[by Meredith Wiggins]
African American author and playwright J. California Cooper passed away on Saturday, September 20, 2014, in her home of Seattle, Washington. She was 82 years old.
“I was telling stories before I could write,” Cooper once said. “I like to tell stories, and I like to talk to things. If you’ve read fairy tales, you know that everything can talk, from trees to chairs to tables to brooms. So I grew up thinking that, and I turned it into stories.”
Cooper had already experienced quite a bit of success as a dramatist, even winning the 1978 Black Playwright Award, when Alice Walker attended a performance of one of Cooper’s plays and suggested she switch to fiction, instead.
“‘[Walker’s] advice to my mother was you should write short stories or novels because it was easier to get paid,'” said Paris Williams, Cooper’s daughter, in an interview published September 23.
From that point on, Cooper devoted herself primarily to writing novels and short story collections. Her first collection, A Piece of Mine, was published in 1984. Her first novel, Family, appeared in 1990. She continued writing, on and off, until her death.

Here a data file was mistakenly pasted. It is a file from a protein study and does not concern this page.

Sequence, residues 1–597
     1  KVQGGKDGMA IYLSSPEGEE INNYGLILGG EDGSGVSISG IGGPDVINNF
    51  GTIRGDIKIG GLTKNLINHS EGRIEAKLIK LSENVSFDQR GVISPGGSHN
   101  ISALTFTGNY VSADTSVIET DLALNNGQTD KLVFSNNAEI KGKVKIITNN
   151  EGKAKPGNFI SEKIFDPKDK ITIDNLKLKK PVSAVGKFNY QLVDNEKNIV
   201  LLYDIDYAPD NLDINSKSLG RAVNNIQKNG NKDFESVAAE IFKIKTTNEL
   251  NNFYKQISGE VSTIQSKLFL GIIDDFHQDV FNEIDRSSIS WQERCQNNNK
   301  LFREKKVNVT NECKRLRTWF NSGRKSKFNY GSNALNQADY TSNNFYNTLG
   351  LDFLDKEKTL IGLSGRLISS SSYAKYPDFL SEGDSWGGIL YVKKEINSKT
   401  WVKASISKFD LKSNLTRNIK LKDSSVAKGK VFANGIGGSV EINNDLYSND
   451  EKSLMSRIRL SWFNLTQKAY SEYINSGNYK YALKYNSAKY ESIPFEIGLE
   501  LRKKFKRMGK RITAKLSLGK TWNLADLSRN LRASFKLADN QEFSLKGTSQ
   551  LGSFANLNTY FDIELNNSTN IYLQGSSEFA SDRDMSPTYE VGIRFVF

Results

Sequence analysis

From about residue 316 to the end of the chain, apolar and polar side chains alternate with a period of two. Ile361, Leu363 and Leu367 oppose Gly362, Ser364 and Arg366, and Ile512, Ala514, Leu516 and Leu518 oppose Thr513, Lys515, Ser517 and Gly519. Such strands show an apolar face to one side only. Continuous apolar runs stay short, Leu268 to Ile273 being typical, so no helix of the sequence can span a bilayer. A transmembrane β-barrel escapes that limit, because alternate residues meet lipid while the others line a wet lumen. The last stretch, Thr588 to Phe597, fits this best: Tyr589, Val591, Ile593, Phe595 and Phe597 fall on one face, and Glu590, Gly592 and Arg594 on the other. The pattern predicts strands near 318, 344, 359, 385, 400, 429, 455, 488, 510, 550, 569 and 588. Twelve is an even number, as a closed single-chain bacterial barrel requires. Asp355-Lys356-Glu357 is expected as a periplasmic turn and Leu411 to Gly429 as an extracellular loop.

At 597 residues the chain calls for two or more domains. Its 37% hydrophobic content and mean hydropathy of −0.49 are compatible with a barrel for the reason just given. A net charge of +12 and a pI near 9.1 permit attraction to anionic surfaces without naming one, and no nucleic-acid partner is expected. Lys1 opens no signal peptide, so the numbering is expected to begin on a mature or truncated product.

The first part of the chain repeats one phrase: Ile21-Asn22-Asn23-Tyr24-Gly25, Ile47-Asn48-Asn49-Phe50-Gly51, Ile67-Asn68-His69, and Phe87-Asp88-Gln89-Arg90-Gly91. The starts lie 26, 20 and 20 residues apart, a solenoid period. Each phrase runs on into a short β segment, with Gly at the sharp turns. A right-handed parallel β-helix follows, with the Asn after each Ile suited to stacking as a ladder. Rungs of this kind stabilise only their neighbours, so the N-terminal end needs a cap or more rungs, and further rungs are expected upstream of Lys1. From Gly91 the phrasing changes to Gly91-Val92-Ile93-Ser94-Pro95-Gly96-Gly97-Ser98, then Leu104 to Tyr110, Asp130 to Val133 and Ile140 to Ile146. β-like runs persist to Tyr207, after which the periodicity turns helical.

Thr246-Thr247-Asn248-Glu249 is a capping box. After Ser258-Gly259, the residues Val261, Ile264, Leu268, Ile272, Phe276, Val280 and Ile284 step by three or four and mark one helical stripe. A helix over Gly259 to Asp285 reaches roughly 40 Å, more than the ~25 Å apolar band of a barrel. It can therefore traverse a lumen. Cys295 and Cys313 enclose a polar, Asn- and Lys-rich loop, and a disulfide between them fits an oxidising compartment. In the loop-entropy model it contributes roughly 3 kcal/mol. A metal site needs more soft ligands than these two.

The African American Literature Book Club entry on Cooper cites Walker’s praise of the writer’s style as “deceptively simple and direct.” “The vale of tears in which her characters reside,” Walker added, “is never so deep that a rich chuckle at a foolish person’s foolishness cannot be heard.”
Cooper leaves behind a rich literary legacy for readers and critics to explore for years to come.